Sometime in 2019 a tiny little virus called COVID-19 discovered a new host species and began to multiply. That would have been merely an interesting phenomenon were it not for the fact that we are the new host. Human immune systems weren’t ready for that little coronavirus, and with so many of us living crowded, interconnected lives around the globe, a pandemic resulted.
The rest is history. Or will be, once the dust settles.
But this is actually nothing new. It’s just that the remarkable advances our species made in the 20th century, both in public health practice and the science of medicine, means we’ve forgotten what pestilence is like. Even the oldest of us have only the faintest of memories of outbreaks of scarlet fever, mumps and other such diseases.
No surprise that we thought we were exempt. But we aren’t; we’re just out of practice. Disease outbreaks are part of nature, and so are we.
We don’t need to look too far back down the trail to start seeing past epidemics. It’s hard to be objective about our own situation, so it might be better to look at other species.
When fur trader David Thompson crossed the Rockies into the upper Columbia River valley in 1807, he and his men nearly starved. There was plenty of habitat but no big game. Several years later James Hector, naturalist with the Palliser expedition, heard from the Stoney people about a mysterious plague that had swept through the Rockies, killing most of the large ungulates. Whatever caused that plague remains unknown, but it likely originated in Europe and was transferred here in domestic livestock. North America’s deer, elk, moose and caribou hadn’t built up immunity to tuberculosis and other domestic animal diseases. Those diseases would have migrated across the continent easily, arriving in the Rockies well before the people who first brought them to the far Atlantic shore.
Eventually Europeans got here too. It didn’t take long before bighorn sheep—which had been isolated from foreign relatives until settlers brought domestic sheep and goats—started dying off as well. At least three times in Alberta’s history, plagues of pneumonia-causing pathogens have almost wiped out our wild bighorn herds. That’s why, in the late twentieth century, the Alberta government declared the forest reserves along the Eastern Slopes of the Rockies out of bounds for domestic sheep. That physical isolation worked; our bighorn populations are thriving again now that they no longer have any risk of touching noses with the wrong animal.
The remarkable advances in health and science in the 20th century made us forget what pestilence is like.
A recent example of a wildlife epidemic has an eerie parallel to our own COVID-19 in that it arose when a pathogen jumped from one species to another. Chronic wasting disease (CWD) first appeared in a Colorado research herd of elk and mule deer in 1967. The facility had previously held domestic sheep. CWD appears to be a variant of scrapie, a brain-wasting disease found in sheep and caused by a rogue protein that attacks the nervous system. When that disease mutated and jumped into deer and elk, it became CWD. Like mad cow disease, to which it is also closely related, it has the potential to be lethal to humans who eat the meat or use antler velvet from infected animals. So far there’s no evidence of that—fortunately, because CWD has now spread across the continent. In eastern Alberta it’s now an epidemic, spreading inexorably west towards the foothills and mountain national parks.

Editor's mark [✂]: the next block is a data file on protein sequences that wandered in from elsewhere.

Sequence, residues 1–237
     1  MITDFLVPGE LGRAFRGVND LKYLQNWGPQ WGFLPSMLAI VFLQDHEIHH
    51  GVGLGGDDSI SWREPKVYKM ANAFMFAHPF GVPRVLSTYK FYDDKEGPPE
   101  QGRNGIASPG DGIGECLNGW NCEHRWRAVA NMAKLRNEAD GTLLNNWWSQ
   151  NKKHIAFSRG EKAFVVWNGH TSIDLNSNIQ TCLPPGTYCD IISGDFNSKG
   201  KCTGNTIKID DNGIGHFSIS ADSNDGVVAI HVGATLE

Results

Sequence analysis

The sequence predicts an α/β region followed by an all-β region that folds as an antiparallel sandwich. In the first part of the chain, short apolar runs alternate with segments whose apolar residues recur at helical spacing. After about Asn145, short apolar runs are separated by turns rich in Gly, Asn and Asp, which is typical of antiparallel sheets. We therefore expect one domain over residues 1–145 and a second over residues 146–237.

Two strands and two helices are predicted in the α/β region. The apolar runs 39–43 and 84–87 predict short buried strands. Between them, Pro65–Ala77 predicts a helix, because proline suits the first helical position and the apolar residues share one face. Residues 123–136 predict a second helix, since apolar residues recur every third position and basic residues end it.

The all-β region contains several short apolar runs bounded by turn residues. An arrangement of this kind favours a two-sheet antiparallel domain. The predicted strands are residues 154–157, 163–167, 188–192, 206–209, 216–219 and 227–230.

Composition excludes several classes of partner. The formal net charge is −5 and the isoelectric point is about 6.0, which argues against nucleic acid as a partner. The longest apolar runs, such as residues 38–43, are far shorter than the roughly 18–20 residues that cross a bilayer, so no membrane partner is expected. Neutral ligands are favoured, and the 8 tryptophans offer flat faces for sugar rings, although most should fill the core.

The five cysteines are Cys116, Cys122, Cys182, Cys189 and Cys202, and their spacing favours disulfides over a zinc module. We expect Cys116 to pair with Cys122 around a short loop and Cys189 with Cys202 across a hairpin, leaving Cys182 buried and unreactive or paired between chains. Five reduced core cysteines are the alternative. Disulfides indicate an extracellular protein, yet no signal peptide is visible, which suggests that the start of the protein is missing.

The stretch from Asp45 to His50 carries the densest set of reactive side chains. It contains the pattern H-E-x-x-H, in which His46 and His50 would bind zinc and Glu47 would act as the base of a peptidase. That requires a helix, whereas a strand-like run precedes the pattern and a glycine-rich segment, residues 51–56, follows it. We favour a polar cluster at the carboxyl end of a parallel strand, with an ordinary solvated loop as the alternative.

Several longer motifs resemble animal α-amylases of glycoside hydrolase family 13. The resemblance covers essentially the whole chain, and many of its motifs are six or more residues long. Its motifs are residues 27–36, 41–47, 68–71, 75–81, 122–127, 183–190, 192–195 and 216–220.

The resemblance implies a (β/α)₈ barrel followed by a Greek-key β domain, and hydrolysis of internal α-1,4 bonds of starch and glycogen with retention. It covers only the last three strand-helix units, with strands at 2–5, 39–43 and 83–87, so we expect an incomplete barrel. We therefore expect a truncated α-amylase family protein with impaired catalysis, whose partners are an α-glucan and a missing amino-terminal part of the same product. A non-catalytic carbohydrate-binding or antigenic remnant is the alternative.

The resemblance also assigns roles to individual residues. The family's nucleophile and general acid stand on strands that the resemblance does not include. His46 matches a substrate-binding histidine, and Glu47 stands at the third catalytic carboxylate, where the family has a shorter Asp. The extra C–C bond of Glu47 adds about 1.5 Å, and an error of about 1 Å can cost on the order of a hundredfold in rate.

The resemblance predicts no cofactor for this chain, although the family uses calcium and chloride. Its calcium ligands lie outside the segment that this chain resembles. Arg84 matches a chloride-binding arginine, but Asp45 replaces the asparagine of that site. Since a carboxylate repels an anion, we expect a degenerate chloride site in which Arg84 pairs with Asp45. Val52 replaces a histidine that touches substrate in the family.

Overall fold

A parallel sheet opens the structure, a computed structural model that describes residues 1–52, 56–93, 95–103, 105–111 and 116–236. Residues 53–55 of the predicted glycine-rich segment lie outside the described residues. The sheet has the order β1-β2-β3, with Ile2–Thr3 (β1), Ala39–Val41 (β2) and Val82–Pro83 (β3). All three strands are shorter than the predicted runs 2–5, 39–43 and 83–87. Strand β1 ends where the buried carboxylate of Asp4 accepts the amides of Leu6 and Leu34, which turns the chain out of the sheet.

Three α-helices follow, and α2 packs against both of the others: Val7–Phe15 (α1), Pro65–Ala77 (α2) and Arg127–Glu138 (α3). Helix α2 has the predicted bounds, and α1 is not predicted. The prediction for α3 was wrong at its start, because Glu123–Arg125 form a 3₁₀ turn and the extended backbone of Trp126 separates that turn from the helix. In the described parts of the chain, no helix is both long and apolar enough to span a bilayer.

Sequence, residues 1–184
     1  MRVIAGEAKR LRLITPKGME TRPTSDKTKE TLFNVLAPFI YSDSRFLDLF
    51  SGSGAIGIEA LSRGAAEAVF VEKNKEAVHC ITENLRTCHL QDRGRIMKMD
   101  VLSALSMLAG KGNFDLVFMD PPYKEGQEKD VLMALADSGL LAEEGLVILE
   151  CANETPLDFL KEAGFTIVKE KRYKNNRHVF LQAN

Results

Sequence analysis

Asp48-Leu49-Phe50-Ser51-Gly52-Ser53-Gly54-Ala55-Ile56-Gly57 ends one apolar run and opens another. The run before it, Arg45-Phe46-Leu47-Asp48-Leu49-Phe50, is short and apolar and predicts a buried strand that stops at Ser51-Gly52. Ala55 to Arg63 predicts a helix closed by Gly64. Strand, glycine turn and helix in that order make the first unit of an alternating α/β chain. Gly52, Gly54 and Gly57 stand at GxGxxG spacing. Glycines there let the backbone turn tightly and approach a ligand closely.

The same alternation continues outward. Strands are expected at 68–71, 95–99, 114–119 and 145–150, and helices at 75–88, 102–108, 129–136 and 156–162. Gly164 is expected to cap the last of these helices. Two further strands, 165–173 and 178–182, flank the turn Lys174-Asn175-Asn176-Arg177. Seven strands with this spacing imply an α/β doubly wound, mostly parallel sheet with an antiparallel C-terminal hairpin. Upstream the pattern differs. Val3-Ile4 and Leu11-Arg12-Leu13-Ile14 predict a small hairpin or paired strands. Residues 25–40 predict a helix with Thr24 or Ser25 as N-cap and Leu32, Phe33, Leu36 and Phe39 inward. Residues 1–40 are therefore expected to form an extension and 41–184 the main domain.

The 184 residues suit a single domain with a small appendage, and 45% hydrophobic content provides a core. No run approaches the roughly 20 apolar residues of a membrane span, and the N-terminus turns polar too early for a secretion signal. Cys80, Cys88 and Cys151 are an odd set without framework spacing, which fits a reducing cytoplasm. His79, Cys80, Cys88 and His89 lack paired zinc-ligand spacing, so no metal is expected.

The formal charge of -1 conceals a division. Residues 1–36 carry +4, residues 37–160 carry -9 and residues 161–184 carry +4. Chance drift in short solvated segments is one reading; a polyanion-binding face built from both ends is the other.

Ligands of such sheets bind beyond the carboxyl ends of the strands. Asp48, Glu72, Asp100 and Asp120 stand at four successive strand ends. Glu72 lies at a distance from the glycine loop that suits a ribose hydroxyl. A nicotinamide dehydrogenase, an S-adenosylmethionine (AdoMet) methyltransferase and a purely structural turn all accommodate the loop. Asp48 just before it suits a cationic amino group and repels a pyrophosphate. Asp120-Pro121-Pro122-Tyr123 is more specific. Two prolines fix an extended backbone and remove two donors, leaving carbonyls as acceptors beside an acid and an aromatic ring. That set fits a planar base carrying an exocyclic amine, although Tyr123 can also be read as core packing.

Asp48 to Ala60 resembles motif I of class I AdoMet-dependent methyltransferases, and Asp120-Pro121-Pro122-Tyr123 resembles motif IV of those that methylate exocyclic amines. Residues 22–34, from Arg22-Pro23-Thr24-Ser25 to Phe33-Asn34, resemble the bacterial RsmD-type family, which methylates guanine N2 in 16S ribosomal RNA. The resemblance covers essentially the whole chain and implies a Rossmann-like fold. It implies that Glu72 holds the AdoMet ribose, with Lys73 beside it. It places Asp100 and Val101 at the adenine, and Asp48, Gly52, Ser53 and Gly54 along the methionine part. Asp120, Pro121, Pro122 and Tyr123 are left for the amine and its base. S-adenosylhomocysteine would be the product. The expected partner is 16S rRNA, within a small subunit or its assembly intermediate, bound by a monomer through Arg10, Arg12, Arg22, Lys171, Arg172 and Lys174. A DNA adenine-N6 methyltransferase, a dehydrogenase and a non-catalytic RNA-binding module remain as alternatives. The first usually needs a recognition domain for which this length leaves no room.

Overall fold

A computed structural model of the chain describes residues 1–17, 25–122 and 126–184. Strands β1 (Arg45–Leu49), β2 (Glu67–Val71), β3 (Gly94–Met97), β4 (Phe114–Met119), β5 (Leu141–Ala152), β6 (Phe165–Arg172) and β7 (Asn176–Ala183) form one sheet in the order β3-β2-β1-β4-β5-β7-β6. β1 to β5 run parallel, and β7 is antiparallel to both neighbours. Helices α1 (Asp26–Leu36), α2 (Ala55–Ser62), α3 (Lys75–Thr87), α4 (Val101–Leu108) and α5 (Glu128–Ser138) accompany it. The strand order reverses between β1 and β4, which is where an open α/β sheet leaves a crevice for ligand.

Epidemics are often triggered by a new pathogen finding hosts where endemic populations haven’t experienced it before. It spreads through the group, killing the most vulnerable and sparing those fortunate enough to have strong immune systems or the right gene combinations to resist it. The diseases sometimes miss parts of the population because of isolation or because local conditions don’t favour the microbe in question. The survivors reproduce, the group builds resistance and eventually the outbreak ends. The disease doesn’t necessarily go away, but the species it attacks ceases to be quite so vulnerable. What doesn’t kill you makes you stronger.
Where plagues are concerned, we’ve had plenty. Smallpox, tuberculosis and other pathogens to which Europeans had built up varying levels of immunity were utterly unknown to the Indigenous peoples of North America. Entire Indigenous communities were wiped out by the new diseases, often before their members had even seen their first European. An unfamiliar microbe can be deadly.
Even so, elk, deer, moose and bighorn sheep populations are thriving today. Smallpox and tuberculosis have been mostly relegated to history. CWD hasn’t run its course yet, but science is running to intercept it. Devastating at the time, epidemics pass, and usually nature comes out stronger than before. And we continue the journey together, because that’s how nature works.
Kevin Van Tighem’s latest book, Our Place: Changing the Nature of Alberta, was released in spring 2017 by RMB.